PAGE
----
Truss ‘held back’ on fracking risk

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Published: Thursday 2nd July 2015 by The News Editor

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The Environment Secretary has been urged to apologise to communities facing fracking for “holding back” evidence of the risks of shale exploration in rural areas.

And campaigners have called for fracking to be put on hold in the UK while a “genuinely independent, qualified body” reviews all the risks associated with the controversial process of extracting gas and oil.

A draft report from the Environment Department (Defra) said f racking could reduce house prices, increase traffic, produce deafening noise for residents and damage the landscape in rural communities.

But potential negative impacts of fracking were obscured when a heavily-redacted version of the internal report was published last summer by Defra in response to a request under environmental information laws.

They only emerged when Defra was forced by the Information Commissioner to publish in full the document, which it did on the day a major report recommending a third runway for Heathrow was brought out.

Green Party MP Caroline Lucas said the report added weight to the case against shale gas extraction in Britain, and accused the Government of conducting itself “appallingly” in holding back the negative information.

She called on Environment Secretary Elizabeth Truss to apologise to communities facing the possibility of fracking.

Among the deleted sections of the draft report were suggestions that house prices could fall by up to 7% in close proximity to shale gas exploration sites, while rental prices in the area could be pushed up by people coming to work on the developments.

Properties located within up to five miles from fracking operations could face additional insurance costs to cover losses in case of explosion on-site, the study suggested.

While the redacted report flagged up the jobs opportunities created by fracking, the un-redacted version sounds a note of caution, warning it was less clear how sustainable shale gas investments would be and if rural communities could take advantage of them.

Rural community businesses relying on a quiet natural and unpolluted region, such as tourism, fishing, agriculture, organic farming, hunting and outdoor recreation could suffer losses as shale gas developments brought increased industrialisation, it said.

The entire section of the report that deals with environmental impacts of shale gas exploration had originally been redacted.

The full version deals with the impacts on water, including contaminated surface water which could affect human health, and warns the “potential impacts on water resource availability, aquatic habitats and ecosystem and water quality is uncertain”.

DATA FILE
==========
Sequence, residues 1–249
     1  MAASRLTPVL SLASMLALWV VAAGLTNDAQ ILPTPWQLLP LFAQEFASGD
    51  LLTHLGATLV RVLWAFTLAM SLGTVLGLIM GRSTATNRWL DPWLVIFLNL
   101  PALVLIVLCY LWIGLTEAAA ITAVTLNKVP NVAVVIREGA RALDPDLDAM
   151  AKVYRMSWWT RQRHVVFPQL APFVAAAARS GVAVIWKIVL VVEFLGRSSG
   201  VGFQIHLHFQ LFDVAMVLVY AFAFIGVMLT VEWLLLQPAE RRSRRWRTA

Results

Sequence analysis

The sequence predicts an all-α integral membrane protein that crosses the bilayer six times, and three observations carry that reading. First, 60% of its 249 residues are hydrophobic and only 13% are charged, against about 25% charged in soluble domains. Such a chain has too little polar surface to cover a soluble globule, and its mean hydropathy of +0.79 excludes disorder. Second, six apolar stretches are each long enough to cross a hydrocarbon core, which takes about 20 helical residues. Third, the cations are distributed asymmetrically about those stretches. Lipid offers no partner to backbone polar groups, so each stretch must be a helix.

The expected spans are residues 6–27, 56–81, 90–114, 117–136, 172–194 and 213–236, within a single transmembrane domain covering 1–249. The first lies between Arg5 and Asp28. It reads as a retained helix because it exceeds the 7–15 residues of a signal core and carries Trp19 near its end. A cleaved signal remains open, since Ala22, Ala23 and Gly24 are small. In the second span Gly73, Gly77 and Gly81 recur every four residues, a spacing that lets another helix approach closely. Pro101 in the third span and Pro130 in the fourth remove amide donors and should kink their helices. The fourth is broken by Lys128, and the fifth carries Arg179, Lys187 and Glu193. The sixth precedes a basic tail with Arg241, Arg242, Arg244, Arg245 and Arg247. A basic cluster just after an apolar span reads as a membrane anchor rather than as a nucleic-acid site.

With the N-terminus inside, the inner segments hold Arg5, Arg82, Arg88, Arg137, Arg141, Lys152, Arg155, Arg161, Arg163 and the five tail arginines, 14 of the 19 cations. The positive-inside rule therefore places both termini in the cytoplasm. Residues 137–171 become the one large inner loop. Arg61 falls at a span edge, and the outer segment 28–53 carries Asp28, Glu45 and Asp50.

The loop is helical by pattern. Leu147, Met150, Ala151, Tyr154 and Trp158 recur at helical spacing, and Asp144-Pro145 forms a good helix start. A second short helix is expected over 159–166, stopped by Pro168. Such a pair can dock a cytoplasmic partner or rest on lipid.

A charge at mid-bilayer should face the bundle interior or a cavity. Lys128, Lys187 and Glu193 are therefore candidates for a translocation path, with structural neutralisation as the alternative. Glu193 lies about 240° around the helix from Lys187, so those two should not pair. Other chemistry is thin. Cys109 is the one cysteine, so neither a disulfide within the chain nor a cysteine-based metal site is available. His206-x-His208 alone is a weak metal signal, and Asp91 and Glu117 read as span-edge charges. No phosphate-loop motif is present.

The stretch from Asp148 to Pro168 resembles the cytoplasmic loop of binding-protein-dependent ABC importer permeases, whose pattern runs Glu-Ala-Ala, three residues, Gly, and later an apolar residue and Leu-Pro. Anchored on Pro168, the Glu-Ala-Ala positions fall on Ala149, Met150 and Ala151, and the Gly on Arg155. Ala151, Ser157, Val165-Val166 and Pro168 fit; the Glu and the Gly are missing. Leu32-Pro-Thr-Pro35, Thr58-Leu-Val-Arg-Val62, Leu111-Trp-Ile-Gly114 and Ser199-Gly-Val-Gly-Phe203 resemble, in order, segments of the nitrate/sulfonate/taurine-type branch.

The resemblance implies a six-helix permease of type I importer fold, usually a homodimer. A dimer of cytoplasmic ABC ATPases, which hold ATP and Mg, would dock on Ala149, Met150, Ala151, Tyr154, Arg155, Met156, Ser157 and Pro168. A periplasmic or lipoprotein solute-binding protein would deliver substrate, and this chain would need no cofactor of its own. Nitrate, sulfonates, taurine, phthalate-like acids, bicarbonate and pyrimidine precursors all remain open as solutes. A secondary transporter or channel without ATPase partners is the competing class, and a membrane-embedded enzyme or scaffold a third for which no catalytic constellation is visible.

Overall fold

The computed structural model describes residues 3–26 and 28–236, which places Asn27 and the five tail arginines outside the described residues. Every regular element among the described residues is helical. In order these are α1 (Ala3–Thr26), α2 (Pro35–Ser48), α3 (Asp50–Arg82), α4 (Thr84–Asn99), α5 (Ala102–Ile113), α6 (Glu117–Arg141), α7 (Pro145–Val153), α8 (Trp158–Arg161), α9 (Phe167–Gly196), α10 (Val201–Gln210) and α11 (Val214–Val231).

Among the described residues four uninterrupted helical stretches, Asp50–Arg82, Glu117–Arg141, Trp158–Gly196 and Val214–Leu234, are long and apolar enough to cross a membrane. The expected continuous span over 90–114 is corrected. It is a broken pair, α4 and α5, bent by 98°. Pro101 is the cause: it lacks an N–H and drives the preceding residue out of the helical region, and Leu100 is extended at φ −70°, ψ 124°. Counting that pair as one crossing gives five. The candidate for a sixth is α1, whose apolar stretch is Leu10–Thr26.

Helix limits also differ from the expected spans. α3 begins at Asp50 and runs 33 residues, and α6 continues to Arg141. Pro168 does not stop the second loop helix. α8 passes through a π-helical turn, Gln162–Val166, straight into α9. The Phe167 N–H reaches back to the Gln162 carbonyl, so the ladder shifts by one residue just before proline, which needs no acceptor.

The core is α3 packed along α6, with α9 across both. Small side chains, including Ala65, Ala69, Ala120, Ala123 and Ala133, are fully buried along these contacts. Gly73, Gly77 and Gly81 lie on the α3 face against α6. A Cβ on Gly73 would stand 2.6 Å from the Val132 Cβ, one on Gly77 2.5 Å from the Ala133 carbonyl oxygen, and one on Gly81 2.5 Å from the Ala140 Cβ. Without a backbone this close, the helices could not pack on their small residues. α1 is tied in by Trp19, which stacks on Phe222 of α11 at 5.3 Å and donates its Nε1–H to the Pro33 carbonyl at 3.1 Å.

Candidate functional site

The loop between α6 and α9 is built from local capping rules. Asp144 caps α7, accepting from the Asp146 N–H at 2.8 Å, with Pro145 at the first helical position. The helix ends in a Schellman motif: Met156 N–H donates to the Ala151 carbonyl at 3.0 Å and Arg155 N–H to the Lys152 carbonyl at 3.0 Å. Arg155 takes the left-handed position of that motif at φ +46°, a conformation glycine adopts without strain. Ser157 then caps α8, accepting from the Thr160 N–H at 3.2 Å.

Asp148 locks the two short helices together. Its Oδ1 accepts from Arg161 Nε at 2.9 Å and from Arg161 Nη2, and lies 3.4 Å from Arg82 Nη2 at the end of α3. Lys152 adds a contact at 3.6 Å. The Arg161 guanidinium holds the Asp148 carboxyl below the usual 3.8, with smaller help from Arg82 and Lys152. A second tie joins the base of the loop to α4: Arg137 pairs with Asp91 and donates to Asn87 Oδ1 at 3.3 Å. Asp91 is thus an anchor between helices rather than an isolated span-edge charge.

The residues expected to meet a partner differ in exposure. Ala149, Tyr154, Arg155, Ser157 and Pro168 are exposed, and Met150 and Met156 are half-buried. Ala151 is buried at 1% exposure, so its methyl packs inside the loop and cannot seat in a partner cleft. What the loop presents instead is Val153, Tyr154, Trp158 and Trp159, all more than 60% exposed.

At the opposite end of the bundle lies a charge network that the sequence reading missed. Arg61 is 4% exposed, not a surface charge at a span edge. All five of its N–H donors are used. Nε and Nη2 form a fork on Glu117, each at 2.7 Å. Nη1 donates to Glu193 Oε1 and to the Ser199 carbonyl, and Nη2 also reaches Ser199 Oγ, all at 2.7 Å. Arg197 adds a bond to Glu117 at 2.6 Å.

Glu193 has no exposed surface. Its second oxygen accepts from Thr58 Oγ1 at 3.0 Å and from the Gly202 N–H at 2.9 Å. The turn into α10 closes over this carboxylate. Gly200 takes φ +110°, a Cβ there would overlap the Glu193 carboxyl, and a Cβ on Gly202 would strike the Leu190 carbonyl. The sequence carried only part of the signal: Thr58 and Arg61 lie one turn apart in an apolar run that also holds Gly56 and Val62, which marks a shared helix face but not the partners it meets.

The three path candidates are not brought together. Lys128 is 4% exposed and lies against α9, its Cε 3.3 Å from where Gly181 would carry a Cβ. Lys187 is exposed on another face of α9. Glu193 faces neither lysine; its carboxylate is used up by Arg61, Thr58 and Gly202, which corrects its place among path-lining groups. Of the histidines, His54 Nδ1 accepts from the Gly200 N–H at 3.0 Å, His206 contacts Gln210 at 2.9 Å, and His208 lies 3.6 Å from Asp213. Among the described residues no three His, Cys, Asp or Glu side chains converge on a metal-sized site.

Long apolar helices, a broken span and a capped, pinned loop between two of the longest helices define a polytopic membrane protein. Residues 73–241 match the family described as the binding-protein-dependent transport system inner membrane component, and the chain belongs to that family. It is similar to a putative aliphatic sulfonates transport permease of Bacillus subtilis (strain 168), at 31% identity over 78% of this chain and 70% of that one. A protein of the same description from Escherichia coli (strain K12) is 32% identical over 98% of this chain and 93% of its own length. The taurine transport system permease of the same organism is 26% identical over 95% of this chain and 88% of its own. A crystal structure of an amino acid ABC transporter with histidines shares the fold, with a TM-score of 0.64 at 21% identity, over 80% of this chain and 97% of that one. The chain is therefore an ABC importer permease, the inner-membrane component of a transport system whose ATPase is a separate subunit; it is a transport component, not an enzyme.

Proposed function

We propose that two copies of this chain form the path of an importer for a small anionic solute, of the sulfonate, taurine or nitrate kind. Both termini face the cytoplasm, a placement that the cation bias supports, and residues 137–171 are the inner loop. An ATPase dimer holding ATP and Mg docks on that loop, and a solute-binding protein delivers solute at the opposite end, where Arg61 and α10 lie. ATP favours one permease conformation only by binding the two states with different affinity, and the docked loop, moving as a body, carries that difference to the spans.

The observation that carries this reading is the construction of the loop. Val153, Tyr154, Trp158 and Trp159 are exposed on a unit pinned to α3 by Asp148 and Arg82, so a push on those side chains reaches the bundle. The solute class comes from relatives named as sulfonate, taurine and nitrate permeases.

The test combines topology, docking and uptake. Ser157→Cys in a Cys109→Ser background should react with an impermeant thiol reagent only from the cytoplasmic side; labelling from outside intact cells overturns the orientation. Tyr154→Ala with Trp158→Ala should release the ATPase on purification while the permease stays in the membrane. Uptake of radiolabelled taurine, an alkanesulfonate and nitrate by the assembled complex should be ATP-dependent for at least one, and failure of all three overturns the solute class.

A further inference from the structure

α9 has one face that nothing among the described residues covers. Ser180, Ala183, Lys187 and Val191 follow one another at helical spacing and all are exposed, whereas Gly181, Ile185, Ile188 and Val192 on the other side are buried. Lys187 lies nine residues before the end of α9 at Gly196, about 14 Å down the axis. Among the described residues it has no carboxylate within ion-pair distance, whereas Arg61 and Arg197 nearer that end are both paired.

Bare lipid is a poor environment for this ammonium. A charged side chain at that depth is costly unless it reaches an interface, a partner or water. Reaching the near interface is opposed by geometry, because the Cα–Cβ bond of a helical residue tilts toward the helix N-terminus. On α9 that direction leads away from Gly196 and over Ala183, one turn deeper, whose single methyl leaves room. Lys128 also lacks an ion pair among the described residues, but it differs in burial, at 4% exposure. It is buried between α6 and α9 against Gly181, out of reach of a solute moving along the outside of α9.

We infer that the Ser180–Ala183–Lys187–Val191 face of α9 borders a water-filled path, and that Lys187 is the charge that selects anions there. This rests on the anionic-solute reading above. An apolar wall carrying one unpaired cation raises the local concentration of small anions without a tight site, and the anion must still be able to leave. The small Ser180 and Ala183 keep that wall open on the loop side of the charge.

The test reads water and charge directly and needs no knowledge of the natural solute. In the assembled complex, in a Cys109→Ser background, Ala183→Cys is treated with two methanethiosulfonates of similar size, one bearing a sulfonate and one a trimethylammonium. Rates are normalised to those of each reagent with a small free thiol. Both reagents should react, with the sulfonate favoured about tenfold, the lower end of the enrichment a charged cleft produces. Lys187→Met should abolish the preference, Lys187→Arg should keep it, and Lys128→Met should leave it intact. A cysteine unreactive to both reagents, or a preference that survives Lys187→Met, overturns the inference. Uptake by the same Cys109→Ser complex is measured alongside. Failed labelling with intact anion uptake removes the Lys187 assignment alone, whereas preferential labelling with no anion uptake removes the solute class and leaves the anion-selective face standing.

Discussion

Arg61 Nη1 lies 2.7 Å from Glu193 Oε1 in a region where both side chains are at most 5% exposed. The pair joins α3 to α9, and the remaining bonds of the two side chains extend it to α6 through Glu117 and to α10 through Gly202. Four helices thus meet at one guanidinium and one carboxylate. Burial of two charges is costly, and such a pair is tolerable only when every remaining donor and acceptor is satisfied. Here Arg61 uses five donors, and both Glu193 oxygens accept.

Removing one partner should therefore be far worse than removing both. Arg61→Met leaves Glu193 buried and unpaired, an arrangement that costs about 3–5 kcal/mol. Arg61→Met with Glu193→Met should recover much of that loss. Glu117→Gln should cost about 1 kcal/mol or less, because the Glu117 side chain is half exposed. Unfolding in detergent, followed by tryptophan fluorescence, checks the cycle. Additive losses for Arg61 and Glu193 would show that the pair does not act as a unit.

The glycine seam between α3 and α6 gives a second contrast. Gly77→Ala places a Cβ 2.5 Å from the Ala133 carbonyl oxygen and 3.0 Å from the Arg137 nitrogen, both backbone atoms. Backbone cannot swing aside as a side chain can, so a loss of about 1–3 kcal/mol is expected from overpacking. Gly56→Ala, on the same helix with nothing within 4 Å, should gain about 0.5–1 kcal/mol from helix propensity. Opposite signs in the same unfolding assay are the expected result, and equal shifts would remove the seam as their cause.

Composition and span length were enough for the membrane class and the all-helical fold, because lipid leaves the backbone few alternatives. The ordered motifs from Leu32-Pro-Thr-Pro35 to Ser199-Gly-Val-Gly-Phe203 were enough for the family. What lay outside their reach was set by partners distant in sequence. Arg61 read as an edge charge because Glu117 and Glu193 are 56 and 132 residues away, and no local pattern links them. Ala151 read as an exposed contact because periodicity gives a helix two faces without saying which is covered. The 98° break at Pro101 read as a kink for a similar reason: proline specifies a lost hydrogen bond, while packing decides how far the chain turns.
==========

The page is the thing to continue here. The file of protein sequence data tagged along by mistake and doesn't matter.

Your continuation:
It also draws on evidence from the US that residents near fracking sites “may experience deafening noise” as well as light pollution that affects sleeping patterns and noxious odours from venting gases that harm local air quality.

Ms Lucas said: ” It’s no surprise at all that the Government has been so reluctant to release this damning report.

“The evidence in this report – that local communities could suffer from deafening noise pollution, surface water contamination and hikes in insurance costs – adds further weight to the growing case against fracking in Britain.

“The Government has conducted itself appallingly in holding back this crucial evidence.

“The Environment Secretary should now offer a full apology to communities facing the threat of fracking and guarantee that such deceitful behaviour won’t happen again in the future.”

Daisy Sands, Energy and Climate Campaigner at Greenpeace UK, which fought to get the report released, said: ” One of the reasons why fracking’s popularity has been plummeting is that the British public can spot when they’re being misled by politicians acting as cheerleaders for an industry.

“The Government need to step back from their position as PR agents for the frackers and put the whole project on pause while a genuinely independent, qualified body reviews all of the evidence on the risks from fracking, including the body of studies which persuaded New York to permanently ban the technique.

“Trying to bluff, bully and bribe communities into accepting fracking has failed, and sticking with that approach will just erode trust in the Government even further.

“It’s time to have a grown-up discussion about fracking as it really is, and stop the sales pitch that no-one believes any more.”

The Government has gone “all out” for shale gas development in the UK, in the hope that it could replicate the shale boom in the US, boost jobs and the economy, bring down energy prices and make the country less reliant on foreign imports.

But opponents have raised fears that the process of extracting gas by hydraulic fracturing – or fracking – causes earthquakes, can pollute water supplies, could lead to inappropriate development in the countryside and damage house prices.

Published: Thursday 2nd July 2015 by The News Editor

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